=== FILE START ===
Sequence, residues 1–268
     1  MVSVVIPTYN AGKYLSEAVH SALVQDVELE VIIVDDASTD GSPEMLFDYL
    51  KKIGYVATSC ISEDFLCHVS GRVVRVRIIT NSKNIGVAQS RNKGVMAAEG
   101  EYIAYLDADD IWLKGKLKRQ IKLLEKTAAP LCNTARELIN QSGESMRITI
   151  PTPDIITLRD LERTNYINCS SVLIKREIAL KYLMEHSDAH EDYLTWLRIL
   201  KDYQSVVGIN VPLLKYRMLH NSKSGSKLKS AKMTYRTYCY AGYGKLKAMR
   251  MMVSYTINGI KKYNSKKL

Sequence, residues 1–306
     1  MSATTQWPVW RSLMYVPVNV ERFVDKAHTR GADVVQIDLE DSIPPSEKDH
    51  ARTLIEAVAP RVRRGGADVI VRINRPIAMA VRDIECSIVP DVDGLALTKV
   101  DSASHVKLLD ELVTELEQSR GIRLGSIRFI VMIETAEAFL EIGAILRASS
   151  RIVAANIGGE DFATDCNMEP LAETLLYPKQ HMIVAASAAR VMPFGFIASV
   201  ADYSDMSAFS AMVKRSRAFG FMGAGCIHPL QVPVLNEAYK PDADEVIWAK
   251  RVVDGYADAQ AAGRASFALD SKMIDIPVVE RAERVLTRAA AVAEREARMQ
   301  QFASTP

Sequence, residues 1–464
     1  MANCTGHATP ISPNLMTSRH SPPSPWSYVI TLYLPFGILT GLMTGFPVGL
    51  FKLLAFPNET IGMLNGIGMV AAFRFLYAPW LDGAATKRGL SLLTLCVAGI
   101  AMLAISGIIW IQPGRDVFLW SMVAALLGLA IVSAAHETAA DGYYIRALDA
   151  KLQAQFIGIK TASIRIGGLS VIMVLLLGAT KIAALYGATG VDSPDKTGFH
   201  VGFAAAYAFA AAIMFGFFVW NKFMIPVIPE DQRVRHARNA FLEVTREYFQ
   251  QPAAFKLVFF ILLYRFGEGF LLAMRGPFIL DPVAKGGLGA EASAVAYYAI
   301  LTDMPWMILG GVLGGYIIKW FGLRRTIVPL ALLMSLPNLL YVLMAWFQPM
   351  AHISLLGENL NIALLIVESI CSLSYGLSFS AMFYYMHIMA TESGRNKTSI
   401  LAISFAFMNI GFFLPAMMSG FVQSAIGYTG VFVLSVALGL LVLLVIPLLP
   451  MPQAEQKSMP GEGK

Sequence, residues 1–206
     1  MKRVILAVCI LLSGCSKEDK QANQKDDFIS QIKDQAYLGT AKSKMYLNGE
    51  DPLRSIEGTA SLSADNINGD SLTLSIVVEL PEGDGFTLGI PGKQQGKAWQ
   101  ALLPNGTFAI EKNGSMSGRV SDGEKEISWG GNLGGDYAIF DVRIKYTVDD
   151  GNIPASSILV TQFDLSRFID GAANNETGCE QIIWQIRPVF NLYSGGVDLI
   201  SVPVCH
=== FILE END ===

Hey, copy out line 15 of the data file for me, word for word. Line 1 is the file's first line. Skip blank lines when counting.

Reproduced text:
   301  QFASTP